Yes there was garbage. This collection has obviously been underway for many dozens of years. There were binders of printouts from Ancestral File (Remember that?) and other assorted printouts that had no current genealogical value. We spotted printouts dating back to the early 1980s. Most pages were in plastic sleeves in binders, so we spent some time (several hours) removing pages from binders, then removing the paper from the sleeves. We shredded the paper, kept the sleeves for the hundreds of loose documents we spotted, and will be tossing the binders if we find we do not need them for other loose documents in this collection.

We'll move on to more of the groups in the next blog post. If you want to follow along on our progress on this journey, just click on one of the tags or keywords at the bottom of this post.

December 1, 2019

Receiving a Large Collection of Genealogy Documents!

Dunnville Genealogy Boxes Arrive
A few months back the Dunnville District Heritage Association offered to send Olive Tree Genealogy some newspaper clippings from a donation they had received. I was very excited to be asked and of course I agreed. A very large package soon arrived by mail consisting of hundreds of loose obituaries from newspapers.

As I was planning on how best to organize and inventory the clippings, another surprise came my way. I was told there were about a dozen large filing boxes full of miscellaneous genealogy items from the same donated materials.

We learned that these materials were from Betty Coldwell, the former chair of the now defunct Haldimand County branch of the OGS (Ontario Genealogical Society). This was too good an opportunity to save important historical records to pass up even though the thought of dealing with so many boxes was somewhat overwhelming.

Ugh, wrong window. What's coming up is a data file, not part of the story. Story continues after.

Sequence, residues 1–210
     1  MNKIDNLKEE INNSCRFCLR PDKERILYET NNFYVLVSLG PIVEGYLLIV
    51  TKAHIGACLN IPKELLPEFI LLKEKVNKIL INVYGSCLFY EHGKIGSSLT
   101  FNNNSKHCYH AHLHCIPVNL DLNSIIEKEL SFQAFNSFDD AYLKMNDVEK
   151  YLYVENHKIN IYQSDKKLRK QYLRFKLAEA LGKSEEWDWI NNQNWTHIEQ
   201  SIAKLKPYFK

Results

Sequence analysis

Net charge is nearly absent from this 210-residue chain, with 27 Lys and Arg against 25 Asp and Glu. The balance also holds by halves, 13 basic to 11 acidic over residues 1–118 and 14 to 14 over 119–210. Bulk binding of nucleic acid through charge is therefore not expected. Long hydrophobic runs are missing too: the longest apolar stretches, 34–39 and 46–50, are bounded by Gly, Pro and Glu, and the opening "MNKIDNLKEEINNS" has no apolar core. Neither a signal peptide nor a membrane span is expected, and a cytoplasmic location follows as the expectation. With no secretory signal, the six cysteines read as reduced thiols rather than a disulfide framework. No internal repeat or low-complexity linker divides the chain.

My husband kindly offered to drive to Dunnville, some 3 hours distance from our home, to pick up the boxes. To my astonishment, there were over 15 large boxes full of genealogy binders, genealogy books, loose newspaper clippings, and more.  Here they are arriving at our home.

What To Do with So Many Boxes?

My husband and I are planners. We like to be organized. So we took a breath and decided we needed to sort the collection. First we needed a place to put the boxes where they would not be in the way but would be accessible. Then we could slowly and methodically "triage" the contents into organized groups of items.

Step One - Move & Triage!

So we moved to step one - moving the incoming boxes into our living room. Some had gotten wet in the journey in the rain from Dunnville to our home so removing the contents from wet boxes was our first priority.

My dogs helping me start the process

We took a break at this point but we plan to triage the contents ASAP. We saw at a glance that there are various items - hardcover genealogy books, genealogy booklets, binders of newspaper clippings, binders of research notes, family genealogies, and more. This next step will be a fun sort to organize into groups that we can either move to our basement until we have time to work on the contents, or keep in my office for starting an inventory.

The Journey Begins

Please follow along on our journey to inventory and preserve these documents. We aren't archivists but we plan to do our best. We also hope to figure out a way to make the documents accessible to genealogists and historians. If you have ideas or suggestions, feel free to leave them in the comments on this blog post.